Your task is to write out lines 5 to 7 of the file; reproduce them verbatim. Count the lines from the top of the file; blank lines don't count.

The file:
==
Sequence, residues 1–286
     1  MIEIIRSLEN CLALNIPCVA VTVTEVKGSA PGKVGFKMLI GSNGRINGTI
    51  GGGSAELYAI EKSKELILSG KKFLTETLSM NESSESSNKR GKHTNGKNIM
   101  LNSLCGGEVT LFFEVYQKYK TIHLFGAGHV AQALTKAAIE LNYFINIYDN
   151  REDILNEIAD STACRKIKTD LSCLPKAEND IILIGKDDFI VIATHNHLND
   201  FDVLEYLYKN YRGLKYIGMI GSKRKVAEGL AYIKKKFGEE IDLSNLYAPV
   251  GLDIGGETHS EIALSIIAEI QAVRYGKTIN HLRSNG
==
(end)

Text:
   151  REDILNEIAD STACRKIKTD LSCLPKAEND IILIGKDDFI VIATHNHLND
   201  FDVLEYLYKN YRGLKYIGMI GSKRKVAEGL AYIKKKFGEE IDLSNLYAPV
   251  GLDIGGETHS EIALSIIAEI QAVRYGKTIN HLRSNG